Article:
AFM conversion to DX

The Yamaha SY99 is a synthesiser combining frequency modulation synthesis (branded as Advanced FM) and sample-based synthesis (branded as Advanced Wave Memory 2) and the direct successor to Yamaha's SY77/TG77

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Monte
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AFM conversion to DX

Unread post by Monte » Fri Nov 03, 2017 3:01 am

Hi,

I'd like to have the "Nitehwk" sound from the SY99 on the Montage.
Other interesting FM rhodes as well for that matter!

Conversion is not a possibility, right?

Are there any recreations whatsoever?

Would be great regardless if anyone could spare some cool FM rhodes sounds in DX format!
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Re: AFM conversion to DX

Unread post by Derek » Fri Nov 03, 2017 8:58 am

NiteHawks is indeed one of the signature AFM sounds in the SY.

Whether or not it could be converted depends on what features of the AFM engine it is using. I am speaking from the experience of building DX FM converters into my fs.factory and sy.factory librarians, so I spent rather a lot of time poring over the implemention of FM in the DX7 and AFM in the SY, less so on the FS1r as the FS1r has a built in ability to receive DX7 SYSEX (the only Yamaha synth with the native ability to do that, I believe), which I used for the conversion. Like all Yamaha synths that seem to have to go through a "quirks department" for something daft/limiting to be in the feature set before release, the self inflicted own goal on the FS1r is: yes it can receive DX7 SYSEX, but only single voice edit buffer dumps, not 32 voice Bulk Dump format. So fs.factory makes up the difference :) and does bulk dump conversion by opening a bulk dump file and sending single DX voices to an FS1r edit buffer and then reading it back in FS1r format. Why do I say all of that? Basically Yamaha did not care too much for backwards compatibility and when they tried in the FS1r they didn't do a complete job. ;) I am not sure how good their DX to Montage converter is, and I am also guessing they felt obliged to provide one given that the Kronos can DIRECTLY read DX7 data (i.e. no converter software needed). ;)

The Montage FM-X engine is (possibly a simplistic view) "half an FS1r" which is quite a different engine to AFM. Both FM-X and AFM have their roots in the DX7, but the FS1r and thus FM-X is more closely aligned and easier to do a conversion as it was designed from the outset with that in mind. The DX7 6 OP engine drops directly onto the FS1r engine in that all the parameters are identical (esp the operator rate scaling method), all the algorithms are recognisably there, etc.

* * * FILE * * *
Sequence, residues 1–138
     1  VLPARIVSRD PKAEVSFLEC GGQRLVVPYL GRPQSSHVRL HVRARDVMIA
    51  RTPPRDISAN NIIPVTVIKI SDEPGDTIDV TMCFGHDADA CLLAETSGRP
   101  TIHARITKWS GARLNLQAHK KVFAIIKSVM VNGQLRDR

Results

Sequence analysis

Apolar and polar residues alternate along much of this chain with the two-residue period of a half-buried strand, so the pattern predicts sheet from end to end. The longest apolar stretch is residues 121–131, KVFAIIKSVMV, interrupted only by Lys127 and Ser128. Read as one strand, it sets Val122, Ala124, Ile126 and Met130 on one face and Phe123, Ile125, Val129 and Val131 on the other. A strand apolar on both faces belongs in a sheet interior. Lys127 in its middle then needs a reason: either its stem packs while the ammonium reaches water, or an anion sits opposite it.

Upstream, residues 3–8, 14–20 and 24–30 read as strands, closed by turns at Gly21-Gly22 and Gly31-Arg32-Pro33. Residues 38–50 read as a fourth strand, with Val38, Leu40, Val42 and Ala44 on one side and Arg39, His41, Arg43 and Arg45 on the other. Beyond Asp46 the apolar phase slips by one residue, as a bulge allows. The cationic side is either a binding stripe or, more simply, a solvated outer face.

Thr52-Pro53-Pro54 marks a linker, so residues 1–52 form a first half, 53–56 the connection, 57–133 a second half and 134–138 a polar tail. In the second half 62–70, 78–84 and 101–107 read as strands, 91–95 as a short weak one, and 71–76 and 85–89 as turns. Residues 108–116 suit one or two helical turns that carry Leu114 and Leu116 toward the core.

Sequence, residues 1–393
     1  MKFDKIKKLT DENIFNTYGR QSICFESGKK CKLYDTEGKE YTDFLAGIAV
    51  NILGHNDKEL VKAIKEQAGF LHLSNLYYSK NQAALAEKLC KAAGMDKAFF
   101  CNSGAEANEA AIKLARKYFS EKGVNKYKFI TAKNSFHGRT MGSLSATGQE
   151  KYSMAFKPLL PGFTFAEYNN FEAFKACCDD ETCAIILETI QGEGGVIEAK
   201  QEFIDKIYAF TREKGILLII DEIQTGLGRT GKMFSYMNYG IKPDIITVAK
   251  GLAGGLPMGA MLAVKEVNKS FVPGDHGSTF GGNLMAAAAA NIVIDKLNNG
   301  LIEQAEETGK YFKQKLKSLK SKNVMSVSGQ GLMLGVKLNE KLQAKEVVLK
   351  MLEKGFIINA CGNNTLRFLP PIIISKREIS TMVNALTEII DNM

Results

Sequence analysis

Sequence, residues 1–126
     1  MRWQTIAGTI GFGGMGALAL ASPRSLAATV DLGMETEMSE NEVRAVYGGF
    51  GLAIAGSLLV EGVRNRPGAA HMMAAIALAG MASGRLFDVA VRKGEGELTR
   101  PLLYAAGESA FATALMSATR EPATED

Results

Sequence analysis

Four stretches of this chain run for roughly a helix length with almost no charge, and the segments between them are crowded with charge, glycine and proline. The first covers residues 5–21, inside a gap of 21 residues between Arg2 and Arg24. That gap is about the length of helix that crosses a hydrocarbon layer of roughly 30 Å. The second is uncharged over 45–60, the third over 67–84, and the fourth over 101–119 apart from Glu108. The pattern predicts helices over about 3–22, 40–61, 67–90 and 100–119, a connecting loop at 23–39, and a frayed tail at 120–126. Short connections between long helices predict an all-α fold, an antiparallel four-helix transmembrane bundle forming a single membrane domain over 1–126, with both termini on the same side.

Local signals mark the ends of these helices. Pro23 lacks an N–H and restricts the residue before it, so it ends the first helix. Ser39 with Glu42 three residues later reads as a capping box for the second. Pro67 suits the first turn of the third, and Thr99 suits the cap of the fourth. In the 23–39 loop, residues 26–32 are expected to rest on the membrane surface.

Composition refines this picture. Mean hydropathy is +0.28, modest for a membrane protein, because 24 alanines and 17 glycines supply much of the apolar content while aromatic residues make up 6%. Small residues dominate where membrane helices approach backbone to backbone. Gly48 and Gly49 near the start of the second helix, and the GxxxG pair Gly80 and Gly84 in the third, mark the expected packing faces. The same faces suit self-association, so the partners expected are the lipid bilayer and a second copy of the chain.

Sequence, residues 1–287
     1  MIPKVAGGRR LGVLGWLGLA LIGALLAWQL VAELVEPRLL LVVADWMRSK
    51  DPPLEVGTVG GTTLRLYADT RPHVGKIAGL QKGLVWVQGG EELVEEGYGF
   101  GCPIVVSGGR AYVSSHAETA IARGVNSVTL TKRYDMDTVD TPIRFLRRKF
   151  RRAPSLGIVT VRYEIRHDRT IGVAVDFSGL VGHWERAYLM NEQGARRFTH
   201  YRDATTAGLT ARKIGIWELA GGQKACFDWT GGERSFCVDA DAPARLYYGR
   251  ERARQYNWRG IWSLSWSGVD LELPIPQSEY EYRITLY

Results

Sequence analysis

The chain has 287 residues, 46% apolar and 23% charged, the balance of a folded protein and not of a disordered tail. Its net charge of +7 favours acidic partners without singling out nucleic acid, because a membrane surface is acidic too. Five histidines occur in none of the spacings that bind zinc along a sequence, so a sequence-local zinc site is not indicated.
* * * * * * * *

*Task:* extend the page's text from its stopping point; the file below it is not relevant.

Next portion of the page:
It is a different problem in AFM as whilst it is a six op engine, it is radically different in many ways. Bizarrely, Yamaha did not capitalise on the DX7 heritage and provide a patch converter at the time, which sort of suggested that they thought it was tricky as well (or wanted people to buy new patch libraries). Several people did write converters of course, including myself (as when I came to the SY range in 2007 the DOS based existing tools were old and unsupported).

So what are the potential conversion issues from AFM to FM-X? One of the big ones is operator rate scaling. The DX7 had simple linear or logarithmic curves, positive or negative, either side of a breakpoint that you had little control over. You can set break point, Lin/log plus or minus and the end level for each slope. AFM has four break points that you can set the key and their levels. So it's possible to get an approximation of the DX7 if all the responses were set to linear, but if the responses were logarithmic and the sound depends on that log response, then forget it. Having said that, most of the DX7 conversions came through my FM converter with a good rate of success, but some were way off, and when you looked it was usually always the rate scaling that caused the deviation.

The next big one would be algorithm. DX FM has 32 algorithms, AFM has 45. So if NiteHwks is using one of the algorithms not present in the DX, that would be a problem unless you can find the same algorithm in FM-X